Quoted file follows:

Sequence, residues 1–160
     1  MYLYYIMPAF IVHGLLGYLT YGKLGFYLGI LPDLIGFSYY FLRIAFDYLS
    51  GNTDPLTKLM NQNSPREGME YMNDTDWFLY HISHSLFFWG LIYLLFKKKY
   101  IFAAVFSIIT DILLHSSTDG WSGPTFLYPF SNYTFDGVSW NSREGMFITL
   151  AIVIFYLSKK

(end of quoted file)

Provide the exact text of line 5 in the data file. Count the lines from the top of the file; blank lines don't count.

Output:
   151  AIVIFYLSKK